Monday, August 4, 2008

Yikes! No water

One evening last week I was watering and thinking, thinking about water. I was thinking how my watering was just keeping my plants alive until we could get a good soaking rain. Oh sure, some of the natives had blooms on them, but even they didn't look great. I worked my way around to the row of roses and noticed how well the Mutabilis looked and how stressed the Belinda's Dream looked. I was standing there giving Ol' Belinda a little extra water and the water just slowed down and stopped. I looked back toward the faucet to see if there was a kink and saw none. What the hell, where's my water? I went to the pump house/green house and checked for water in the big cistern, nada.

After checking the start capacitor and run capacitor and for voltage going down the hole with a multimeter I knew, it was the pump in the ground, 320' down in the ground. Pumps usually go bad from pumping dry and over heating. When we had the well drilled in 1986 the static pressure in the ground had pushed water up the well to within 55' of the surface. In 2000 we had to pull the pump and the water level had dropped to 85'. I couldn't imagine the water had dropped another 235'. There are so many people that move to the country and get a well and use water like there is no tomorrow because there is no rationing on wells. The man across the road runs his well 24/7 to keep his stock tank full. [To non-Texans a stock tank is a pond.] A man down the road runs several sprinklers on his native grass lawn all day and all night. But even with this kind of careless and down right stupid use of water, I couldn't believe the level of my drinking water could drop that much. Well folks, I'm here to tell you it can and it did.

After the recent small showers I had about 500 gallons in the rain water collection cistern. Having that water made the last few days easily bearable. We showered in the yard as there are no neighbor's. Lyn would keep a bucket of water next to the toilet and after flushing, pour it in the back and be ready for the next flush. I took a five gallon jug down to the feed store and filled it up with good water to fill water bottles up for drinking. Now to get the well working.
The well man showed up early today and got right to work. After getting his boom up they got started pulling it out, taking off pipe one joint at a time.



























Got it out and found out the pump was fried. Leroy, the well guy, decides we need to go 200' deeper to make sure I have good water for, hopefully, a long time to come. New regulations call for a different kind of wire. The control box needs to be changed out to a new protected one so this doesn't happen again. Total bill is nearly four thousand dollars. Ouch! I might have to add on to my rain water collection capacity.

But at least Leroy could get to it fairly quickly and we didn't have to go too long without running water. And they did it in this heat. Leroy is not a young man or a small one either. I just hoped he wouldn't keel over in the heat before he finished.

10 comments:

bill/prairie point said...

That's some bad news Bob. I use well water too for irrigation, although I water sparingly.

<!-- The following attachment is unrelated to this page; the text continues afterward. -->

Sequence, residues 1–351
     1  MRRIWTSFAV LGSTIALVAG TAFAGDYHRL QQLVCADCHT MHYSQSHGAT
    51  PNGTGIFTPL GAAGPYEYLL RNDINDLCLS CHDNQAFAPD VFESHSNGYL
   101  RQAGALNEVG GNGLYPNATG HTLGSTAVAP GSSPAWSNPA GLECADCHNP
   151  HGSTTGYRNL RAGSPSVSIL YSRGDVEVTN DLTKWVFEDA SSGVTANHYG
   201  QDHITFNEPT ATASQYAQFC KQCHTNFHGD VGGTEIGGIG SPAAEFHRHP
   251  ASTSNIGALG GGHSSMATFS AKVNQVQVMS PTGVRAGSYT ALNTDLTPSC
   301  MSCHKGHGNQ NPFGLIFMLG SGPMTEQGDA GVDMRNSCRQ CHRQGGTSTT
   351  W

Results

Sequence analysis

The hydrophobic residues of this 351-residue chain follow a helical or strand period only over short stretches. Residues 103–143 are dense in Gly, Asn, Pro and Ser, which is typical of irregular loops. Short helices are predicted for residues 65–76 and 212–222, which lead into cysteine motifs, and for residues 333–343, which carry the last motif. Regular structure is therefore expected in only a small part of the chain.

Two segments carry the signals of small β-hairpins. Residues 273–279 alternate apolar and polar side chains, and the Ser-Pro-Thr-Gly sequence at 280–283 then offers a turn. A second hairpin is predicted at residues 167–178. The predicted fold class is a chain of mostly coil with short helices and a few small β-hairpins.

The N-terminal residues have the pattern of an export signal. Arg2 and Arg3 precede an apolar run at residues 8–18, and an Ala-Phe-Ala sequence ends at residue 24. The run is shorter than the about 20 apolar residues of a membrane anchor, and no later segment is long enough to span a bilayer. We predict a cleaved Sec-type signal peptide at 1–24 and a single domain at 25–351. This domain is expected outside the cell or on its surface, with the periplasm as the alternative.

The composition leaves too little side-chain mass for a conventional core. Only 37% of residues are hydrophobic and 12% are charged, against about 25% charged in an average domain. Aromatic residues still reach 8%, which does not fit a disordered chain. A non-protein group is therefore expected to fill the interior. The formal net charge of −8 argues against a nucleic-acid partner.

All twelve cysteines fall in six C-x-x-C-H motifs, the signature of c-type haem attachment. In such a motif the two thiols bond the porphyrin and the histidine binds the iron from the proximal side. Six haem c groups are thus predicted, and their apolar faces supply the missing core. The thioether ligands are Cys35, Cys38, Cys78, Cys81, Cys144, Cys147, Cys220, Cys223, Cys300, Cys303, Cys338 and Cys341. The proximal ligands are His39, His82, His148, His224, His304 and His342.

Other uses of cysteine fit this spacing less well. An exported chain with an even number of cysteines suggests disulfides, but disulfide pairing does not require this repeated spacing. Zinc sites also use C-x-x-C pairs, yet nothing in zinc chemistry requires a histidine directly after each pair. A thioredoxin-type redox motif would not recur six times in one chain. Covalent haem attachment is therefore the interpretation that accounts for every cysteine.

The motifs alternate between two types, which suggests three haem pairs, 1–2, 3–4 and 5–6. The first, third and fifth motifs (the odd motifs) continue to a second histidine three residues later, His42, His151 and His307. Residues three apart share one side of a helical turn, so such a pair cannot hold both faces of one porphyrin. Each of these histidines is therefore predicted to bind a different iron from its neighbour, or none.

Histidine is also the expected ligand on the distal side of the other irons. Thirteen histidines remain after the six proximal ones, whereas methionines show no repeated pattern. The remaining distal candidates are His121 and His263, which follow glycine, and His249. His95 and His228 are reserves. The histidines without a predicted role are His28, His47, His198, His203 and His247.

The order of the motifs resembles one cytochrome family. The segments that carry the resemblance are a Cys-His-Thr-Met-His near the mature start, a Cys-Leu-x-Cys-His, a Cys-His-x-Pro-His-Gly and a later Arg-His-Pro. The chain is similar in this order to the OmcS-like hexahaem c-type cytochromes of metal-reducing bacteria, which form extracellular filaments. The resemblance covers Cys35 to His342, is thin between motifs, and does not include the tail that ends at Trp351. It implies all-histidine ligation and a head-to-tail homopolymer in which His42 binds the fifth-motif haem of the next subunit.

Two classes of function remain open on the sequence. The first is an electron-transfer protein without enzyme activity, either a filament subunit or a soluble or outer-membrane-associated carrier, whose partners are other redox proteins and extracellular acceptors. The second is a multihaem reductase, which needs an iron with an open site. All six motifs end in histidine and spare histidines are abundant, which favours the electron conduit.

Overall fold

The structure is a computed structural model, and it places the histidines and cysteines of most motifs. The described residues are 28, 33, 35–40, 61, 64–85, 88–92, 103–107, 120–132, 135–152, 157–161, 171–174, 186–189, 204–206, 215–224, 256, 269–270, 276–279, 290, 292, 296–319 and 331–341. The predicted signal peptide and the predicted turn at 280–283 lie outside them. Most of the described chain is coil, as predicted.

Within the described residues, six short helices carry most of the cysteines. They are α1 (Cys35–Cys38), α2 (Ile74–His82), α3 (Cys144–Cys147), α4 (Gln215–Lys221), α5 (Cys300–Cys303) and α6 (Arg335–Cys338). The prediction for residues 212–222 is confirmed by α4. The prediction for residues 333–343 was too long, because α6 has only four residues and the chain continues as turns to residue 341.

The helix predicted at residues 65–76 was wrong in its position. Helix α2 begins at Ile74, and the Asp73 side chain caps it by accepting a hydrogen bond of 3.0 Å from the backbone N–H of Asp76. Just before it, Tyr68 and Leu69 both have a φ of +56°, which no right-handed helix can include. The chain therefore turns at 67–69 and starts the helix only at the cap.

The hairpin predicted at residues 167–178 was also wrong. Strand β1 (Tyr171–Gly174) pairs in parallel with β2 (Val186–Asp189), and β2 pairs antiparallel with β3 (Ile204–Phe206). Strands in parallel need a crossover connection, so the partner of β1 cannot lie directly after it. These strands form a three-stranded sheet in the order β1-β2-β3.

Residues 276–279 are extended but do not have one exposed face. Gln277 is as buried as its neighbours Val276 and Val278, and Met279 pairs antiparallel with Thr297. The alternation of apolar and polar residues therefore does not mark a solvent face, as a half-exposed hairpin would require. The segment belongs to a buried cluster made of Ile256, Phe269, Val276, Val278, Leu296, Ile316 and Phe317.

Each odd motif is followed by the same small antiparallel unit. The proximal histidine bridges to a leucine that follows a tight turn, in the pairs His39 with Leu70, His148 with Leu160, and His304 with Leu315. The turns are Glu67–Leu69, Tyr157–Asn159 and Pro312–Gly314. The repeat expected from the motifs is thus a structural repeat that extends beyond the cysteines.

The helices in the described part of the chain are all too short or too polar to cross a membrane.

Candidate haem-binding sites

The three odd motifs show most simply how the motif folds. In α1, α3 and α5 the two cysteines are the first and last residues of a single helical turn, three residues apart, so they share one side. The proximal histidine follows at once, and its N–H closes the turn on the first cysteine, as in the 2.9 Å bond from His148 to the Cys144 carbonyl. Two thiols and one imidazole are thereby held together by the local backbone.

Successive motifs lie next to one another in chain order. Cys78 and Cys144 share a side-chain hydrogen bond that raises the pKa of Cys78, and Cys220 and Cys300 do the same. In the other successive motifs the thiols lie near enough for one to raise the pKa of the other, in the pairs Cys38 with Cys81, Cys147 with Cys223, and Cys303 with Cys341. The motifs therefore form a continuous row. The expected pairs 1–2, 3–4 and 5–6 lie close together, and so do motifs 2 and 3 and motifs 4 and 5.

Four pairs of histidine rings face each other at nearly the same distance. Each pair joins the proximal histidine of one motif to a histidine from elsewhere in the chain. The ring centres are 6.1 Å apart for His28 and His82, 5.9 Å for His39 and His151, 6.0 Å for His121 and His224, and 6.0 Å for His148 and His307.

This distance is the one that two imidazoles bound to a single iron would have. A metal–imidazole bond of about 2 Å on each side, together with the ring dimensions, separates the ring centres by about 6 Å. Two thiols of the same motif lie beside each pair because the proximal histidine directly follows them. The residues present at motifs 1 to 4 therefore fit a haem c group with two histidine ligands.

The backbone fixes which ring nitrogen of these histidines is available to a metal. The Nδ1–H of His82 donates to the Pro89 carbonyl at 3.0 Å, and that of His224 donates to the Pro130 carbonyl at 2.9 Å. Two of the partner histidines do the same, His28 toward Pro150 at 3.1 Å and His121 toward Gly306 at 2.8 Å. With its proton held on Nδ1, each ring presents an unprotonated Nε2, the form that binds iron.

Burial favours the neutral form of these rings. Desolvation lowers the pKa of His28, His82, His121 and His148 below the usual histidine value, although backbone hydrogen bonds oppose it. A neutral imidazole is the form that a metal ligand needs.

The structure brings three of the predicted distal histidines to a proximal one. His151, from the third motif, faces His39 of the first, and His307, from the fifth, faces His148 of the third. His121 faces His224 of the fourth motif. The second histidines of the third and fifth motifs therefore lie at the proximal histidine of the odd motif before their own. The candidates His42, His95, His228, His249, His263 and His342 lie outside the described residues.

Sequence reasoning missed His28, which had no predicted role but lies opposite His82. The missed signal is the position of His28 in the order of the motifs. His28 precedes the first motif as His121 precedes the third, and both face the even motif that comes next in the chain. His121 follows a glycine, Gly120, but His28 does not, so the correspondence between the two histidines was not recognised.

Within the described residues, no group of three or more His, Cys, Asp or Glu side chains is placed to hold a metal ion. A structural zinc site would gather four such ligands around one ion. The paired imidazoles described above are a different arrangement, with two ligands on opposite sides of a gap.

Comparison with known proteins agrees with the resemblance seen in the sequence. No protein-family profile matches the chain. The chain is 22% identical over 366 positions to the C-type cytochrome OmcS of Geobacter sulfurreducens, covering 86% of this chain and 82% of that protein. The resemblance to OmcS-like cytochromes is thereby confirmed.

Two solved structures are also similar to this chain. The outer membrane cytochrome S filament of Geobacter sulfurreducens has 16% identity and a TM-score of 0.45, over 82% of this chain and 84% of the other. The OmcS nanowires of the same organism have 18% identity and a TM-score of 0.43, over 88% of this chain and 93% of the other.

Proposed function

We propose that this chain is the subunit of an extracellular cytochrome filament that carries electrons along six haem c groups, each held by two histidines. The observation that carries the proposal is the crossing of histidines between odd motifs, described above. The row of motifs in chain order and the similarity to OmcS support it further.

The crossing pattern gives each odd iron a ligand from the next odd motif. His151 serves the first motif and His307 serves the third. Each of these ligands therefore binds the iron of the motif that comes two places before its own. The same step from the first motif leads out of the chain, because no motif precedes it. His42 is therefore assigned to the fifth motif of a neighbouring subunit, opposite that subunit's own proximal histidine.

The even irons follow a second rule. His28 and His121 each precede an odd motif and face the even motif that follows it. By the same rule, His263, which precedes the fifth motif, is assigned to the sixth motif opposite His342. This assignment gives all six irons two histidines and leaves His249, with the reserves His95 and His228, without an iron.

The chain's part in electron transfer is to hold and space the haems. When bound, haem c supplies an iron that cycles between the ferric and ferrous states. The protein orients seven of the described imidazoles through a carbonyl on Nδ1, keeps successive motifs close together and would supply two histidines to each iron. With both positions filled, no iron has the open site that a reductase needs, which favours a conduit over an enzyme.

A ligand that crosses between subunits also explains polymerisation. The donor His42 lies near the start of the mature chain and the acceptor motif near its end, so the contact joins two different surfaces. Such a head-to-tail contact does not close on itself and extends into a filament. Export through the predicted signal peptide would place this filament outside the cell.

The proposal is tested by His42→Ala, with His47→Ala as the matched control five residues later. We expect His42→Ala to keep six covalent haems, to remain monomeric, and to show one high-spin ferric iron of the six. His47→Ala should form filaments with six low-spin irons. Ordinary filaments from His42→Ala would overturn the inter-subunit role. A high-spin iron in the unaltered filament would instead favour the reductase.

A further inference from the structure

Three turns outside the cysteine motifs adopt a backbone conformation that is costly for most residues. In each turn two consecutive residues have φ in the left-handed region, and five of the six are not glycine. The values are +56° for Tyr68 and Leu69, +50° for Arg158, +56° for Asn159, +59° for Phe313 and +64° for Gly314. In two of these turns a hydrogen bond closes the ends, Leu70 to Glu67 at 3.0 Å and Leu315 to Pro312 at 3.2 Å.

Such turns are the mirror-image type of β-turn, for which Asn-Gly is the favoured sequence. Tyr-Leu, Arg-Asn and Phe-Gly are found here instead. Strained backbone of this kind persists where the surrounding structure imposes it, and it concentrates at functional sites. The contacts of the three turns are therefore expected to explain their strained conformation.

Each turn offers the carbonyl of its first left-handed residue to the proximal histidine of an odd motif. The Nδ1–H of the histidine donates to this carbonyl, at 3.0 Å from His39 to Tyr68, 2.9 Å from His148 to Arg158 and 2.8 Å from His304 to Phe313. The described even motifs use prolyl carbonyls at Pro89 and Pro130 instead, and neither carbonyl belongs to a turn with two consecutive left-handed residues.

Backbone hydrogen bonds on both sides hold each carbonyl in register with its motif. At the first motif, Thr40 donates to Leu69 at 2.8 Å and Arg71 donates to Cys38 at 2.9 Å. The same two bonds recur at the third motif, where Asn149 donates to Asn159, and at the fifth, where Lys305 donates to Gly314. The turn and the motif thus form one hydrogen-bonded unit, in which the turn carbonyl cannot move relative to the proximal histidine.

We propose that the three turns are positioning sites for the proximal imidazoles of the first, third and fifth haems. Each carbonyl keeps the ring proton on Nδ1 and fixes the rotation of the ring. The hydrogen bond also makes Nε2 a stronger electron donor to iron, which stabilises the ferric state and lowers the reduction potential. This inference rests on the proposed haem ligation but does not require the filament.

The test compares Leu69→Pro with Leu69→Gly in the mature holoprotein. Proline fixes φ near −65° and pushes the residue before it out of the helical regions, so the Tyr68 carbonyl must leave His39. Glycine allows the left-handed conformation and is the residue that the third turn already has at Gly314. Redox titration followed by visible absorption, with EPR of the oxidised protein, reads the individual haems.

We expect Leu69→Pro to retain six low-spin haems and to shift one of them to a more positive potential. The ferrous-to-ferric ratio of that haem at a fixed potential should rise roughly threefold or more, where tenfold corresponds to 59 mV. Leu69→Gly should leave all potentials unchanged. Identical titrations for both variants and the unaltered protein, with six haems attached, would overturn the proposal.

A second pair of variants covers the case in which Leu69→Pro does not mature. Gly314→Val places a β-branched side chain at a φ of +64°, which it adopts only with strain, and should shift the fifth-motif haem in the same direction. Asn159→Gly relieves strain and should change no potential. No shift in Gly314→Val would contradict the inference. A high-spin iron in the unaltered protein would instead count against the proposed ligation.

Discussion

Cindy, MCOK said...

Bob, I'm glad you got the problem solved. Sorry it had to be at such expense to your wallet, though! Why do wells and/or air conditioners always go out at the worst possible time of year?

Carol at Lost Valley Gardens said...

Water in the aquifer is becoming a huge issue isn't it? I live NW of Dripping Springs, and there is no rationing here either. I cannot understand why folks aren't more self-policing when it comes to shared natural resources. I think people are going to have to reconsider their cavalier attitude toward water usage sooner rather than later in the Hill Country or we are all going to suffer in the near future.

Bonnie said...

Wow, it just makes you think about this resource we use without much concern. Glad to hear things worked out. This drought has put stress on the system for sure.

katina said...

Sorry to hear about the pump. But glad to hear that you got it fixed quickly.

P.Price said...

"stock tanks"...that's a blast from the past...not something I hear in suburbia, but did a lot growing up and visiting my grandparents' ranch.

In NE Texas, they call 'em "pools," too. Kinda weirds out the newcomers who think everyone has a swimming pool on their farm or ranch.

mss @ Zanthan Gardens said...

Yours is the third story I've heard in as many weeks about wells going dry in central Texas. Most of us are so used to turning on a faucet and having the water come out that we give very little thought of what an amazing achievement of technology it is, or what a rare resource.

I find it more and more difficult to garden with a easy conscience, to grow plants that so obviously should not be grown here...including suburban lawns.

Bob said...

MSS; you hit it on the head. I don't know how much longer we can go wasting water like we do on plants that we shouldn't grow. And those lawns, uuuuhhhh, I shouldn't get started on that. But you are definitely right.

paigeward88 said...

You had the best water well man in the country do your well from A&W WATER WELL company in Bertram Texas.

Bob said...

Yes Paige, I'm lucky at finding good people when I need help, but then Leroy knows he can always call if he needs welding done and his son can't get to it.
You know a man's nice if he tells you who to call if he can't get to it.
I'm gonna hit him up for lunch at the Highway Cafe the next time I see him for saying such nice things about him here.